A top Federal Reserve official said he expected elevated inflation pressures to decline without requiring a more aggressive response by the central bank next year—but warned of growing risks to that forecast, including from additional government spending being contemplated by the Biden administration.
Fed governor Randal Quarles said Wednesday he expected inflation to “decline considerably next year from its currently very elevated rate.” Inflation has been worse and longer-lasting than expected, Mr. Quarles said, because demand has temporarily outstripped disrupted supply.
But because the “fundamental productive capacity of our economy” hasn’t changed as a result of the coronavirus pandemic, and because the factors disrupting the economy appear likely to fade over time, “constraining demand now, to bring it into line with a transiently interrupted supply, would be premature,” he said.
Fed officials need to guard against the risk of overreacting to temporary disruptions, for example, by raising interest rates to cool off demand “just as supply is increasing,” he said. That could lead inflation to fall too low and, in the worst case, feed an extended period of sluggish growth and unnecessarily low employment, Mr. Quarles said.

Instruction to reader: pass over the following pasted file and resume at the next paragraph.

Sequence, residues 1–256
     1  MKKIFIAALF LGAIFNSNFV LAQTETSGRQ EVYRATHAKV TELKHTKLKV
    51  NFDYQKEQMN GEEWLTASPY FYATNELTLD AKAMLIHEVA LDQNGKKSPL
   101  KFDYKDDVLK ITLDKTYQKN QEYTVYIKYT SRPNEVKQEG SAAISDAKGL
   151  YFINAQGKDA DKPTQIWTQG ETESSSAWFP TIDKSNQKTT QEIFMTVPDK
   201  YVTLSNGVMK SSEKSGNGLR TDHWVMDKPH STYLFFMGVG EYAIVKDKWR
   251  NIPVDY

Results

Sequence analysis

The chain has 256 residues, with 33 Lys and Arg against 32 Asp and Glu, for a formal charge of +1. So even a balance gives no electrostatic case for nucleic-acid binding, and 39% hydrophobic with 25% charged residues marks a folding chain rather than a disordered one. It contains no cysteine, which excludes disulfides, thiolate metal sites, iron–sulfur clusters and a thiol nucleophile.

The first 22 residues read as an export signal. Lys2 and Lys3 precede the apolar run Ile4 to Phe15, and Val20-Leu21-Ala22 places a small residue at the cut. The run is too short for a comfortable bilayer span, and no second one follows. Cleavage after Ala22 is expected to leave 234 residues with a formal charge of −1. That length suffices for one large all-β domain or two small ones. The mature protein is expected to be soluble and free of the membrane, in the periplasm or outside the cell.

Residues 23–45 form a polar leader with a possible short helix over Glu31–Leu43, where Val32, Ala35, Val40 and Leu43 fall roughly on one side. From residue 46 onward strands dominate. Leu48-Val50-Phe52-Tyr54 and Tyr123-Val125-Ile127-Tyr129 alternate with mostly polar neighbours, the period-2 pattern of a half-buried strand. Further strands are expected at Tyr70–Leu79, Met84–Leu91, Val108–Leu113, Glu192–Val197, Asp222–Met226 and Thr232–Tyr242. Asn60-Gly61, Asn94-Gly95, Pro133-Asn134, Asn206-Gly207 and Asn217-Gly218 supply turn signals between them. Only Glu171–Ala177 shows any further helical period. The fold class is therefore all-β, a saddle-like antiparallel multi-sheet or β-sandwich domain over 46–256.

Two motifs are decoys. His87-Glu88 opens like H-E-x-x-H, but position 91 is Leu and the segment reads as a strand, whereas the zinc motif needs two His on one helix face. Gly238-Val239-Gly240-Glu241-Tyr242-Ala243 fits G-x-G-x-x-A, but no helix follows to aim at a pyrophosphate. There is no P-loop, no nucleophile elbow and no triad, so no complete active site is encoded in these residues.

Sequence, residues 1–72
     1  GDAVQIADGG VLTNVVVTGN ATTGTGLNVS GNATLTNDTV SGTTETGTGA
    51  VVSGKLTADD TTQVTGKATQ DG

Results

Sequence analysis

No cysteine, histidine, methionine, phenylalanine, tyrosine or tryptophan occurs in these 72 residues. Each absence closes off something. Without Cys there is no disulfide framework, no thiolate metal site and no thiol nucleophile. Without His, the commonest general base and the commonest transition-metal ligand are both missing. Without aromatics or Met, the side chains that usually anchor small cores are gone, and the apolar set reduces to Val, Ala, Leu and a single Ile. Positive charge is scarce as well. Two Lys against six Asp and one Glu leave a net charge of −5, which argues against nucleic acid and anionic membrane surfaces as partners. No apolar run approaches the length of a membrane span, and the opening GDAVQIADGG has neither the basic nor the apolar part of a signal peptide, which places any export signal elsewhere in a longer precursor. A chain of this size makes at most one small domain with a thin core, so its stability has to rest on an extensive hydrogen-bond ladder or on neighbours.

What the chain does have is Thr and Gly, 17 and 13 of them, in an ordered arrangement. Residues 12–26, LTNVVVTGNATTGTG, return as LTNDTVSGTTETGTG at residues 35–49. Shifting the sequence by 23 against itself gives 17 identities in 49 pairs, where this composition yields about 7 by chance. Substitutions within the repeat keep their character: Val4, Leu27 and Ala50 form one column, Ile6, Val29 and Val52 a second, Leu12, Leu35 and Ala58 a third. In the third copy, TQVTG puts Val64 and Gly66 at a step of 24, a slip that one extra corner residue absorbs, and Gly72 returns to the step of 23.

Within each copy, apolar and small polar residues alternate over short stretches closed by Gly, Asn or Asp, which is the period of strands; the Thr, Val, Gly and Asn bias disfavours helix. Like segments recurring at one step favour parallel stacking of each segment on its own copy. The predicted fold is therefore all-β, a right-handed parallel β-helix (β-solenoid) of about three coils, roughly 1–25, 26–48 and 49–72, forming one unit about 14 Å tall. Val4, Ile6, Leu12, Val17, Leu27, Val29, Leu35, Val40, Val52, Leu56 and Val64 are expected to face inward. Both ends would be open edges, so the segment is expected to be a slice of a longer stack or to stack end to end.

Because the Covid shock is likely to end, “monetary policy often can look through those types of disruptions to consider what inflation will be in the future when this episode passes,” he said.
At the same time, Mr. Quarles warned of an opposing risk that the current interval of high inflation becomes entrenched because consumers and businesses begin to expect inflation to stay elevated for years, leading workers to demand higher wages and businesses to pass along higher prices to consumers.
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